Wayne Byres, Chairman - House of Representatives Standing Committee on Economics, Canberra
As the Committee is aware, APRA’s 2013/14 Annual Report was recently published, setting out our activities for the most recent financial year. Rather than attempt to summarise the key points of the report, I thought I would provide an update on a few issues of greater current interest.
The Financial Sector
As you would expect, we keep more than a close eye on the health of the financial system. When we appeared in July, I said the system was in generally good health – and I am pleased to say that remains the case today.
The authorised deposit-taking institution (ADI) sector continues to be characterised by good asset quality and, as a result, strong profitability. Loan growth is beginning to pick up again, particularly in the housing sector. Given the importance of the housing sector to the overall health of the banking system, we have had two important streams of work in recent times focussed on this issue:
- We continue to encourage ADIs to reinforce sound lending standards, most recently via the issuance of a new Prudential Practice Guide on Residential Mortgage Lending. And we have been discussing with other agencies on the Council of Financial Regulators what additional steps we might reasonably take to further assist in this regard. There has been considerable media interest in this – many interpreting comments in the Reserve Bank’s Financial Stability Review as a sign that we are planning to implement the same sort of so-called macro-prudential measures introduced in other jurisdictions (such as LVR caps and loan-to-income limits). We are still working through our options but, as I have said elsewhere, those sorts of tools are unlikely to be the ones we reach for first.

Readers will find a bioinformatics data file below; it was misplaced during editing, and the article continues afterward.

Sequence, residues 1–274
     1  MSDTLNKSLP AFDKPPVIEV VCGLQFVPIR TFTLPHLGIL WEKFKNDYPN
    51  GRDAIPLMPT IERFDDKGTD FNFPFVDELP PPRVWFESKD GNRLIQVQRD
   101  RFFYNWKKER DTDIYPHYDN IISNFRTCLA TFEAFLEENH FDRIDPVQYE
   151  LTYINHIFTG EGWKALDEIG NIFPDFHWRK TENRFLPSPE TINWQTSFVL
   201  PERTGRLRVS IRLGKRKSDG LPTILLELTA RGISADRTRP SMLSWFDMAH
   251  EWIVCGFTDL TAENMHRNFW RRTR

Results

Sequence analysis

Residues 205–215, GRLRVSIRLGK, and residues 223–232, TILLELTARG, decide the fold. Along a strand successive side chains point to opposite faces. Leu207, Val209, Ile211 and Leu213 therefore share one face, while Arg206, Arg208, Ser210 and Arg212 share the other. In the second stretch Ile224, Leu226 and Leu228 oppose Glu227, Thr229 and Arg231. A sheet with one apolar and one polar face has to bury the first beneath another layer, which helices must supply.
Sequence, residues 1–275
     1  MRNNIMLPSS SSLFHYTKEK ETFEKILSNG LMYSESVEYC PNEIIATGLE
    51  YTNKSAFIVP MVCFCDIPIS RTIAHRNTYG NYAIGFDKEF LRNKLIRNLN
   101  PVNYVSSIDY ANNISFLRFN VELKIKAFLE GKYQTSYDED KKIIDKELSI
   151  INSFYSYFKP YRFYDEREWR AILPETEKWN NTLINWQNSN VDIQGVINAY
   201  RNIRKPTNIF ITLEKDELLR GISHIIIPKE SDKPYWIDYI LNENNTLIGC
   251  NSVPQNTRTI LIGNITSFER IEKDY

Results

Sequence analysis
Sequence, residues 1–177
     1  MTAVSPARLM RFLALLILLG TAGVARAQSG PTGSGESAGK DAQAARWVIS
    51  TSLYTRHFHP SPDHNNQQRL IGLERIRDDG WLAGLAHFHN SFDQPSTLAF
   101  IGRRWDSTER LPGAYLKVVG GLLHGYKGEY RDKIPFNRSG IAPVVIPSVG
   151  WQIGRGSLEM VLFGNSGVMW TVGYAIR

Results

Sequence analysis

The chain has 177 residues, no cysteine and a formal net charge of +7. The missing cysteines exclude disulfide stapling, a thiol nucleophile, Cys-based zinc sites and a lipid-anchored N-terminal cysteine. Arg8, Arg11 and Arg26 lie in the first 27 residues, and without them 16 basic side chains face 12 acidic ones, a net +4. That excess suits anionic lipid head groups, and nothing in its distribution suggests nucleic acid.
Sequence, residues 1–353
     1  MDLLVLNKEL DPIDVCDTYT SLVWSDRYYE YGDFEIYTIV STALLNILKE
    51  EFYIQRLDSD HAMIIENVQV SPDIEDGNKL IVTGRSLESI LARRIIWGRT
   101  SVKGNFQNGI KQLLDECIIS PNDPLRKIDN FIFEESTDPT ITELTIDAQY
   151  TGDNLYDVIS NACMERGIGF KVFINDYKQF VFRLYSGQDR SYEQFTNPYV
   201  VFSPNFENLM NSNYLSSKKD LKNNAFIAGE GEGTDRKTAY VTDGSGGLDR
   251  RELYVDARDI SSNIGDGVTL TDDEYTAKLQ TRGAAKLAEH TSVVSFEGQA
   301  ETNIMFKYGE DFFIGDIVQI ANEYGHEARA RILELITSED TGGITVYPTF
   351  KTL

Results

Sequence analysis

- We have recently conducted a comprehensive stress test of the largest ADIs against a scenario that included a substantial economic slowdown and a significant fall in house prices. The good news was that the lenders subject to the test remained above their minimum capital requirements even in the extreme scenario. The caveat to that is that we also concluded more work needs to be done to make sure that, having survived the stress, they would also make a speedy recovery and be able to continue to support their customers through difficult times.
In recent years, the life insurance industry has suffered from a level of disability claims and policy lapse rates that has been materially higher than expected when the business was priced and written. As discussed when we last met, this has been a function of both external factors – for example, litigation and changing community attitudes to mental health – as well as self-inflicted damage from poor industry practices. The group insurance schemes that support the large industry superannuation funds have had particularly poor claims experience. This has led to substantial increases in premiums in some cases, which unfortunately flows directly to the members of the superannuation funds in the form of sharply higher costs of cover.
Despite this experience, the industry remains well capitalised overall. APRA has been monitoring the industry as it seeks to return to a more stable and sustainable footing, in what remains a very competitive market. We are encouraging the life insurance industry and the superannuation sector to work together in their common interest – that is, developing and pricing a set of arrangements that look after the best long-term interest of their ultimate customer, the superannuation fund member.
The general insurance industry has enjoyed a lengthy period of reasonably stable profitability, helped in recent times by relatively benign weather conditions. Falling reinsurance prices (following significant increases a few years ago) have also contributed. Retail insurance prices have stabilised somewhat following a period of increases, and there is evidence of increasing competition from smaller and more recent entrants to the market. Pricing and profitability in commercial lines are under increasing pressure in what is currently a very competitive sector of the market. The industry continues to hold sound levels of capital, so is relatively well equipped to deal with risks that might emerge in future.